Mobilizing Student Voters: The Student PIRG Fellowship

Apr 29, 2020
Manny Rin, the current Director of the Student PIRGs New Voters Project

Students are often at the forefront of movements to build a better future for our country. Whether or not those students make real progress depends on whether they are organized, have the skills to be effective and have a strategic plan to get things done. The Student PIRG Fellowship makes sure they do.

The Student PIRGs have been working for more than 40 years to amplify the power of student activism and help students make real change, right now. We all want to live meaningful lives and have a future that’s greener and healthier. By recruiting, training and working alongside student activists on campaigns that get results, our organizers are helping to build that future today. 

Our chapters on campuses across the country provide the training, professional support and resources students need to tackle climate change, protect public health, revitalize our democracy, feed the hungry and more. Our organizers provide students the training and resources they need to become movement leaders by recruiting volunteers, training potential leaders to take on more responsibility and doing campaign work themselves.

The target annual compensation for this position is $28,000 in the first year. Each of the groups that partner with the Student PIRGs offers a competitive benefits package. They also offer an excellent training program and opportunities for advancement.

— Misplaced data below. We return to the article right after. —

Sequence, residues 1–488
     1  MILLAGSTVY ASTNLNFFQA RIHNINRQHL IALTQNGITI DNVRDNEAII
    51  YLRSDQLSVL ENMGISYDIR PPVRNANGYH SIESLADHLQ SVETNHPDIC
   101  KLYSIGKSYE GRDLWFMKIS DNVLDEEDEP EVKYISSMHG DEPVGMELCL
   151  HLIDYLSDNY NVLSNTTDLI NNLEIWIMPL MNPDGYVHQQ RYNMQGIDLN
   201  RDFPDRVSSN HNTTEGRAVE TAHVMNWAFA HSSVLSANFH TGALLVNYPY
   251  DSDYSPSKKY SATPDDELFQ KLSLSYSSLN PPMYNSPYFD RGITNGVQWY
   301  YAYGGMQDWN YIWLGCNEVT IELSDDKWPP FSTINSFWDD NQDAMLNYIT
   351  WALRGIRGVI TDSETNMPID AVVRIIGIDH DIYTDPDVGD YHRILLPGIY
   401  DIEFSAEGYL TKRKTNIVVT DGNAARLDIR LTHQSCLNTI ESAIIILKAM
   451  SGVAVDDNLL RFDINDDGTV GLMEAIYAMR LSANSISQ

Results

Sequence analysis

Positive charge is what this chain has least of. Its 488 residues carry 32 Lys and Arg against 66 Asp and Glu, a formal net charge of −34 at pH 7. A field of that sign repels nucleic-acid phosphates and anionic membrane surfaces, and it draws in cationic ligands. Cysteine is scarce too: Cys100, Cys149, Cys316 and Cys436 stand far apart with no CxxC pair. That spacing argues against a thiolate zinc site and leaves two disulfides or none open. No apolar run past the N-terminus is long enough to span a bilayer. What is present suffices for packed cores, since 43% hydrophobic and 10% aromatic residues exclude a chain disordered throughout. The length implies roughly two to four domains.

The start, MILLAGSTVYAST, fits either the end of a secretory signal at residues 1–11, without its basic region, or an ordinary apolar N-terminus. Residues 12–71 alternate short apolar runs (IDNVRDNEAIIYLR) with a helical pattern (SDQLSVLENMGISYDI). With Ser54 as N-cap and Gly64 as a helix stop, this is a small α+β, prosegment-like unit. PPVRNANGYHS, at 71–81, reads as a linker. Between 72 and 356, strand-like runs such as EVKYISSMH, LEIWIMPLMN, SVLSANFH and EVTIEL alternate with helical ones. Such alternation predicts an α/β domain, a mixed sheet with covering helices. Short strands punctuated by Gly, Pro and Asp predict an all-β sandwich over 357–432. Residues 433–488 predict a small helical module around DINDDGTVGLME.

Manny Rin, the current Director of the Student PIRGs New Voters Project, gave us some insights into the program and gave us tips for making a competitive application.

1. What inspired you to get involved with the Student PIRG New Voters Project? 

Growing up in an immigrant family, we valued the idea of citizenship and understood the importance of voting. That’s why one of the first things I did when I moved to college was register to vote. I remember filling out my registration form and getting excited to vote later in November for the very first time. As you can imagine, my first semester of college flew by as I was getting used to my class schedule, living away from home, and getting involved with clubs. As quickly as my first semester flew by, so did election day. I remember watching the results trickle in on TV and realizing that I forgot to vote. 

Eighteen-year-old Manny is the exact reason I do this job. I took the position as the Director of the Student PIRGs New Voters Project because I realized that my first election experience is not uncommon for thousands of young people around the country. A person may understand the importance of voting and may even be registered to vote, but sometimes it takes a reminder from a classmate or friend to make sure you go do it. I took this job to help students realize the power they have when they turn out to vote in elections. 

2. What kinds of campaigns are Student PIRG New Voters Project Fellows involved in? 

The Student PIRGs’ New Voters Project is the nation’s largest and oldest field-based young voter mobilization program, helping to register more than 2 million young people to vote and making 2.5 million personal reminder contacts since 1984. We do this work for two reasons. First, we believe democracy is strongest when citizens participate – and for too long, young people haven’t been full participants. Second, we believe the best way to get political leaders to pay attention to young people and their issues is to demonstrate that young people are highly engaged in the political process.